The Economic Development Department is fielding inquiries about development and redevelopment possibilities on a daily basis. They are also working with existing employers to help meet facility needs and are also working with the Oregon Main Street program. The Urban Renewal Agency is continuing to help leverage private investment in downtown, and the level of interest in downtown from investors is continuing to increase.

We have some additional projects that involve upgrades rather than new development that people frequently ask about:

  • First Street: Design concepts will go out for public comment this spring and summer, work that needs to be done in advance of the main project will take place in fall and winter, construction in summer 2019.
  • Hardcastle Railroad Crossing: Design underway, actual construction schedule dependent on responsiveness of railroad and $100,000 of the project was funded by ODOT rail!
  • West Hayes: Underground facility repairs are complete. Resurfacing is being delayed as we work through street dedication and other requirements for Nellie Muir School additions and Smith property development. Ultimate design of street and connection at Settlemier will depend partly on how these are handled. Estimated construction some time in summer 2019.

With the improved economy, the thousands of new residents likely to arrive in the next few years, and growing community interest, the Community Center is now a front burner project again. Our plans involve expanding the existing Aquatic Center to add gym, classroom and meeting space. We received $1 million toward construction at the end of the 2017 legislative session. The funding source requires that we use this for capital expenditures. We’ve acquired the yellow house on Oak Street by the Aquatic Center, and are looking at whether we need to acquire any more land. We will then have plans drawn at the detail level necessary to estimate costs accurately. We want to work with existing community partners and others to fund as much of the project as possible from non-tax sources. When and if a bond becomes part of the package, we also want to give taxpayers complete and honest information about what they are paying for and what they are getting.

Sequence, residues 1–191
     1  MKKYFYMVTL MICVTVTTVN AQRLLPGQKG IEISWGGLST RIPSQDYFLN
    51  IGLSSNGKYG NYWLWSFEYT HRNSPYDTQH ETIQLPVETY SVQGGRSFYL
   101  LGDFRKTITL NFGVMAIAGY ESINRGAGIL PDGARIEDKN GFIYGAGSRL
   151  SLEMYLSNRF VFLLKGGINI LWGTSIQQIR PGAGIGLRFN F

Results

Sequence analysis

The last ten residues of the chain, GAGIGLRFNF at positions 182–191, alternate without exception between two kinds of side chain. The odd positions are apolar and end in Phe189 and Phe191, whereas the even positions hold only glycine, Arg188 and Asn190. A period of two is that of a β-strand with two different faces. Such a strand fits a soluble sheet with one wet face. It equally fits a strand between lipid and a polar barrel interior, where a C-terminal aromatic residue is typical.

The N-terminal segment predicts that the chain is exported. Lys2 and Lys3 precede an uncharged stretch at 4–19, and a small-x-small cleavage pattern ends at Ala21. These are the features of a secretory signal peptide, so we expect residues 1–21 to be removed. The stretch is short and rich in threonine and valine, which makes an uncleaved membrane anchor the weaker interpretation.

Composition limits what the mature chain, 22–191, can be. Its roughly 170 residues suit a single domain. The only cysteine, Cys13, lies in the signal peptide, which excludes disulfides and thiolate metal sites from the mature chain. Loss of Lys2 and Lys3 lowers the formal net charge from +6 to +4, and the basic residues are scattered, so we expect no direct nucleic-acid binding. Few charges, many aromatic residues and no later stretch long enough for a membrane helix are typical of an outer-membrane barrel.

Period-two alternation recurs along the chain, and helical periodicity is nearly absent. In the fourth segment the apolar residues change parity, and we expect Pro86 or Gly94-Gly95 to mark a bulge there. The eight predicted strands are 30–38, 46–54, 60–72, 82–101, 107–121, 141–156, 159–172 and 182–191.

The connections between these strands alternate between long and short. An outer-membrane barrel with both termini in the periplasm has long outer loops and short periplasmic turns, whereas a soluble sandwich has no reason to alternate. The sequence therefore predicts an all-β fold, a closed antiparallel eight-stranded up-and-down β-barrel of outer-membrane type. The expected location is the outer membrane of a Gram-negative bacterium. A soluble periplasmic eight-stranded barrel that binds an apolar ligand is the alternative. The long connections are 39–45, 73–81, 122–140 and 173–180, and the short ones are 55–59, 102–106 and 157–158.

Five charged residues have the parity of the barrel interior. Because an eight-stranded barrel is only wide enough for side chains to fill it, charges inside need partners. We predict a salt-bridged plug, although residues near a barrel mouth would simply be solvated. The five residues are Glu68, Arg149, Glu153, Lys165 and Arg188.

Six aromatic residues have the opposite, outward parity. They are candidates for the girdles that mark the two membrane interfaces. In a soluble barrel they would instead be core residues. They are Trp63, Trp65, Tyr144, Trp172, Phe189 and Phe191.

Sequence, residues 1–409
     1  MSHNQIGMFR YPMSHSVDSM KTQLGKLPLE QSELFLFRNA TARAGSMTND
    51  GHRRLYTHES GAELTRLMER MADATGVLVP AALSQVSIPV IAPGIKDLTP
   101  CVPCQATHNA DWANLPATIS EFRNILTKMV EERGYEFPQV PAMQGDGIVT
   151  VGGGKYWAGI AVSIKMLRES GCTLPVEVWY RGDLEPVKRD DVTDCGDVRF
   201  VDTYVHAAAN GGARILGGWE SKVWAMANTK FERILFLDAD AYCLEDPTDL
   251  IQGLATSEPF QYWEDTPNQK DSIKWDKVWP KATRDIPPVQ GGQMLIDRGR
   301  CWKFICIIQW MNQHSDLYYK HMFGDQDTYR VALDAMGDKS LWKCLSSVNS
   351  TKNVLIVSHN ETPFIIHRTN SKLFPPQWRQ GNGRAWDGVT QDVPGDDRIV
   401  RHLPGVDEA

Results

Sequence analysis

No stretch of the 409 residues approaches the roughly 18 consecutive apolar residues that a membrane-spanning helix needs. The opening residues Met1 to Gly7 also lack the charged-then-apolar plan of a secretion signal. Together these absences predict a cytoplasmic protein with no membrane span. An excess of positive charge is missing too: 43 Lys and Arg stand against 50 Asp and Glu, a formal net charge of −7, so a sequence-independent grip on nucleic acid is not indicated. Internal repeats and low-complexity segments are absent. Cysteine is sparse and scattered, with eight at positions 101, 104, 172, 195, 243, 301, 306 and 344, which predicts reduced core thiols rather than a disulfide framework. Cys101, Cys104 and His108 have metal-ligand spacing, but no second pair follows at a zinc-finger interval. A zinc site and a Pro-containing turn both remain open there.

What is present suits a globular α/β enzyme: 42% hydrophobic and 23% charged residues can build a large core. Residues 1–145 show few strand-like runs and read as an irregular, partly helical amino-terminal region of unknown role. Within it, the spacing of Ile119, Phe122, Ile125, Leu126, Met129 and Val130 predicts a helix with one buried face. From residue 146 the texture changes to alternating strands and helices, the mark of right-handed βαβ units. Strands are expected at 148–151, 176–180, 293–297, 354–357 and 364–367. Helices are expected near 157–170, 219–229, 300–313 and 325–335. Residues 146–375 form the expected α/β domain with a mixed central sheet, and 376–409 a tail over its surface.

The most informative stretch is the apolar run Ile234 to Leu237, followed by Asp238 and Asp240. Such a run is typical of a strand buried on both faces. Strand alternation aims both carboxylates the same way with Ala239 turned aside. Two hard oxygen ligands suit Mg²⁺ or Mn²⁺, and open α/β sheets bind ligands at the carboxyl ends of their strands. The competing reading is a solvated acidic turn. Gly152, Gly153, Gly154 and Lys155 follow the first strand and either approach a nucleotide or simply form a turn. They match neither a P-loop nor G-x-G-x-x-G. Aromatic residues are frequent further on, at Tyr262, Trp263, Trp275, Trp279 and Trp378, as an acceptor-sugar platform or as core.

If there is anything else to take note of, it is how much is going on in so many areas of City government, as well as the community at large. Just a very few examples:

  • Chief Jim Ferraris is an increasingly visible and respected advocate for how community policing should be done and why it matters. We love the positive press, and we love how it attracts new police officers who have existing connections to our community and want to practice police work in this way.
  • We modified our mural ordinance and committee to extend to other forms of art, and allocated $100,000 to get the ball rolling on public art. In the coming months, we may see our historic water tower become a work of art, see a sculpture in the Downtown Plaza, or see the Plaza fountain enhanced by art tiles.
  • The Fiesta Mexicana is now a Heritage Event (on a par with the Rose Festival and Pendleton Roundup!) and will continue to expand its offerings and community outreach this year.
  • The Community Cleanup had its largest pool of volunteers ever a couple of weeks ago, just one illustration of what a caring, giving community we share.

In conclusion, this is what is going on at one snapshot in time in the wonderful city that I’ve proud to serve and happy to live in for many years. Mercifully, the part of the government that most of us encounter in our day to day lives is local government. As a local government organization, the City of Woodburn is a first rate organization. As a community, the City of Woodburn is second to none.